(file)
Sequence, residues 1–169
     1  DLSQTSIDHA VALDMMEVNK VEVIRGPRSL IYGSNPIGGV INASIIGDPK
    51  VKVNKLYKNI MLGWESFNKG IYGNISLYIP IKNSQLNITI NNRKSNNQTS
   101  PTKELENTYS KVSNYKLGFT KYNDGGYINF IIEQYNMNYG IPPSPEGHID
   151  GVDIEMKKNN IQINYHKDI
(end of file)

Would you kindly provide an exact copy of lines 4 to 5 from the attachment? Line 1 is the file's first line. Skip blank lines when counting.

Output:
   101  PTKELENTYS KVSNYKLGFT KYNDGGYINF IIEQYNMNYG IPPSPEGHID
   151  GVDIEMKKNN IQINYHKDI